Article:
Half of emergency care doctors prone to burn-out

Dec 01, 2010

One in two emergency care doctors is prone to burn-out, suggests a representative survey of French physicians, published online in Emergency Medicine Journal.

The tension between home and working life and poor teamwork are key factors, the findings suggest.

Some 3000 salaried doctors completed an online survey, designed to assess working conditions, , and health and wellbeing, using a five point scale for more than 250 questions.

Of these, 538 were emergency care specialists, and of the remainder, just under 2000 were randomly selected to match the age, gender, and regional profile of France's physicians and their distribution by specialty, so as to provide a representative sample.

The specialties represented included and anaesthetics, medicine, surgery, psychiatry, geriatric medicine, radiology, and pharmacy.

The responses showed that the prevalence of burn-out was high, with one in two (51.5%) emergency care doctors identified as having this, compared with more than four out of 10 of the representative sample.

Poor work-life balance and dysfunctional teams were most strongly associated with burn-out, both of which were more common among emergency care doctors than other types of medical practitioner.

There were fewer women among the emergency care respondents, and they were also younger, than the doctors in the representative sample. But more of the women doctors were burnt-out than the men.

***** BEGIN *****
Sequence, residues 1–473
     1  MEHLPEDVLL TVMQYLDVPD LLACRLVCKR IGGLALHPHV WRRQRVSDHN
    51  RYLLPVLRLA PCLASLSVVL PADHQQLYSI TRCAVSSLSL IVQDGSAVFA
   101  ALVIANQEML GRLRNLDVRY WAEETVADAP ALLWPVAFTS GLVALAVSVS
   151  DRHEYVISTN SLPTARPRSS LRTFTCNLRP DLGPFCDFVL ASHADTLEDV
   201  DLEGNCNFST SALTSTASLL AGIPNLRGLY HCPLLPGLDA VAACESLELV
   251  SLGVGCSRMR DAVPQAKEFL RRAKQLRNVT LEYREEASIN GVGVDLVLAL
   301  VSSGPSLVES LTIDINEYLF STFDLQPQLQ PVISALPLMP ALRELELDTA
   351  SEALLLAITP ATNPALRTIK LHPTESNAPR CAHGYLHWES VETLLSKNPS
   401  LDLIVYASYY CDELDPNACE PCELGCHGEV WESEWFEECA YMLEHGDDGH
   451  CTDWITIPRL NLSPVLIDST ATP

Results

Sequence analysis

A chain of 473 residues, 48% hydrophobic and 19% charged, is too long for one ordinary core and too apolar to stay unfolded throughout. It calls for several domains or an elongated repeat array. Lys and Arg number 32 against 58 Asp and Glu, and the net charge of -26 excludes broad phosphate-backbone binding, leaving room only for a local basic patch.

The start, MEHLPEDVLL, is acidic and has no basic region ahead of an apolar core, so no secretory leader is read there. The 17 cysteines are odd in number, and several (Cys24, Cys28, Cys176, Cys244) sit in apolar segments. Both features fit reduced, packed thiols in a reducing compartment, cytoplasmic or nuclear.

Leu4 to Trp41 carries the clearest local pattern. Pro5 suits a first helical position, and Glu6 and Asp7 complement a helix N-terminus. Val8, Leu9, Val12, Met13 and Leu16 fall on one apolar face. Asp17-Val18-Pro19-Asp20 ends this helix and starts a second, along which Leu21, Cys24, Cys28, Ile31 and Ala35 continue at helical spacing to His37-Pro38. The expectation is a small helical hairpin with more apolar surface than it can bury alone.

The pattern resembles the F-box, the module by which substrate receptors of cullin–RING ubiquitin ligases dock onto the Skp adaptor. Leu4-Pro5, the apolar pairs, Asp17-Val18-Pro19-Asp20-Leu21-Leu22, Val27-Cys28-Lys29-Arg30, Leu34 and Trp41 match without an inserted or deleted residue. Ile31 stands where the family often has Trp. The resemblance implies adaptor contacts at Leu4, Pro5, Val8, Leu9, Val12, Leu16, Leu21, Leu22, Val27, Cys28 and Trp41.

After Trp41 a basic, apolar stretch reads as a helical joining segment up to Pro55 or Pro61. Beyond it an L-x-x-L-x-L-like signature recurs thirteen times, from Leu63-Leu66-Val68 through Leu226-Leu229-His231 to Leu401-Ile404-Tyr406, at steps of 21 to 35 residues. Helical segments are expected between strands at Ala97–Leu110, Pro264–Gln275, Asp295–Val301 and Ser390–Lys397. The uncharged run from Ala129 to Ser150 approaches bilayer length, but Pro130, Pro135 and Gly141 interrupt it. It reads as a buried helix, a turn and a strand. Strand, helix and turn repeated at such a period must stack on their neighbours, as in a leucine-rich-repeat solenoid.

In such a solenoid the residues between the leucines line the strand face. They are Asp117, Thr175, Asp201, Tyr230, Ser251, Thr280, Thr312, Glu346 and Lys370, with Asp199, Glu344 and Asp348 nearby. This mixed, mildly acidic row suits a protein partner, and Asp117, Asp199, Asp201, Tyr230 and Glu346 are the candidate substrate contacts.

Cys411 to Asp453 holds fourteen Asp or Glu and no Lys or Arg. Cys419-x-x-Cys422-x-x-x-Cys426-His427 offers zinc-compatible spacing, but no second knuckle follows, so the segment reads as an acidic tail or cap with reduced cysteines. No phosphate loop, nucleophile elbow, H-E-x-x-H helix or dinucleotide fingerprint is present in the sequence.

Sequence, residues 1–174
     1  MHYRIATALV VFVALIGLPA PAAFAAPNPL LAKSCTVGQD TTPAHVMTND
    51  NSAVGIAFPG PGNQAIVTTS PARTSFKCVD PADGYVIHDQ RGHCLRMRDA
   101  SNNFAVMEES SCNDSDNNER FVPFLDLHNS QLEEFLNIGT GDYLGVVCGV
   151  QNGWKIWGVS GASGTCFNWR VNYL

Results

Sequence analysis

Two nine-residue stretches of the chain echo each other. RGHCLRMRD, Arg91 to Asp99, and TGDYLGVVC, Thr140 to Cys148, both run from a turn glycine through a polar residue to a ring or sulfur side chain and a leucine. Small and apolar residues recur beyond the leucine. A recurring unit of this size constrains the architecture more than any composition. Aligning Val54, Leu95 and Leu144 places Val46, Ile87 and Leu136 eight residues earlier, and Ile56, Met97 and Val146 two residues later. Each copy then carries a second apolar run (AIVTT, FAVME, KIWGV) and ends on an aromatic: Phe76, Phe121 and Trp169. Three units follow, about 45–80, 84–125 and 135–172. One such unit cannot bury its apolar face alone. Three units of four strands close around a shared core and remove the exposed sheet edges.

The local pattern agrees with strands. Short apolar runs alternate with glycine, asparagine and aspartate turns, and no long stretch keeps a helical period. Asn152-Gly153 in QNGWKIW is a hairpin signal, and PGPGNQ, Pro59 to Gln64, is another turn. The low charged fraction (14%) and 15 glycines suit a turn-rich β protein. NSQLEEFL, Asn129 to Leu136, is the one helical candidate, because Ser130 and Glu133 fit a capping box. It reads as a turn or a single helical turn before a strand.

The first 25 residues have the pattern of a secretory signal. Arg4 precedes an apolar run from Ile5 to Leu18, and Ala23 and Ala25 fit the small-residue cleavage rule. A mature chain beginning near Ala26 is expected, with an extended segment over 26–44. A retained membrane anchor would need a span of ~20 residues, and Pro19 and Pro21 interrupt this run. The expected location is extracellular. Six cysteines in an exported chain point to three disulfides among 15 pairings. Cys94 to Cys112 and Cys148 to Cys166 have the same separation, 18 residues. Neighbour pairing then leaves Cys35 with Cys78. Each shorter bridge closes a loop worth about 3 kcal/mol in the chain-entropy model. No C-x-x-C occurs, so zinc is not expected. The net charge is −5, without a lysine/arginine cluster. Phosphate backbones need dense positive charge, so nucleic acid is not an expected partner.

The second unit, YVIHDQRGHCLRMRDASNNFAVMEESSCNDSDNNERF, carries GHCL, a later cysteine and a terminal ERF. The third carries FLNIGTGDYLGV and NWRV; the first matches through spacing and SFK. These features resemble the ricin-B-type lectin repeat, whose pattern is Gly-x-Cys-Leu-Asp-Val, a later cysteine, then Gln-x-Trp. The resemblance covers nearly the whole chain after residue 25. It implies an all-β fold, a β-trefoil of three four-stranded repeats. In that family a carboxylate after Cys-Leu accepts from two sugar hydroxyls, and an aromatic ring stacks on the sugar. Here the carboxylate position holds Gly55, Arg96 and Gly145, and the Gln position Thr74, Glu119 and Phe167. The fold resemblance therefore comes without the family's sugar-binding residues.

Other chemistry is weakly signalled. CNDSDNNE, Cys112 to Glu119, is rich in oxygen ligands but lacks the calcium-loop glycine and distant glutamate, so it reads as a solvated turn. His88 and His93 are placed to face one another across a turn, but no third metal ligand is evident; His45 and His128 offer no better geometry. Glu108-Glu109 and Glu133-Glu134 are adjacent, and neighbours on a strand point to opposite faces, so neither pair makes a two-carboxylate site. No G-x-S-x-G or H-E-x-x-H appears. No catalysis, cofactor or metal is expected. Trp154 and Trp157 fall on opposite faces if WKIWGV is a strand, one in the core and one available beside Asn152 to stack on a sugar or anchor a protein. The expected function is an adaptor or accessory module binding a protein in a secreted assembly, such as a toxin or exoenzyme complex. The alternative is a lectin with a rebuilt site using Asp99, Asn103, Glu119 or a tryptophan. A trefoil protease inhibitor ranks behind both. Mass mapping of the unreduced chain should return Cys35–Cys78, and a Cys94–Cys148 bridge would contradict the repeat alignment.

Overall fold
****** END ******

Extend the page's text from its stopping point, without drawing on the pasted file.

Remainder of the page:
The tension between home and working life was more than four times as likely to feature in the responses of burnt-out physicians, but it was more than six times as likely to be a factor for emergency care doctors who were burnt-out. And the greater the tension, the greater was the degree of burn-out.

Similarly, poor teamwork more than doubled the risk of burn-out among the representative sample, but it increased this risk more than fivefold among emergency care doctors.

Burnt-out emergency care doctors tended to have a less active social life, to smoke more, eat a less healthy diet and to skip meals during the day more than the sample. Higher burn-out scores were also associated with less time for continuing professional development.

The results showed that 17% of the sample intended to leave medicine, rising to more than one in five of doctors (over 21%).

Burn-out more than doubled the risk of wanting to leave the profession altogether, while dysfunctional teams more or less quadrupled it.

Explore further: AMA: Gender inequality still exists in medicine

add to favorites email to friend print save as pdf

Related Stories

Doctors' orders lost in translation

Jul 17, 2008

When patients are discharged from the emergency department, their recovery depends on carefully following the doctors' instructions for their post care at home. Yet a vast majority of patients don't fully understand what ...

Recommended for you

New medical device to make the mines safer

Nov 21, 2014

Dehydration can be a serious health issue for Australia's mining industry, but a new product to be developed with input from Flinders University's Medical Device Partnering Program (MDPP) is set to more effectively ...

US family gets $6.75 million in Botox case

Nov 20, 2014

A New York couple who said Botox treatment of their son's cerebral palsy left him with life-threatening complications and sued its manufacturer won a $6.75 million verdict from a federal jury on Thursday.

User comments : 0

Please sign in to add a comment. Registration is free, and takes less than a minute. Read more

Click here to reset your password.
Sign in to get notified via email when new comments are made.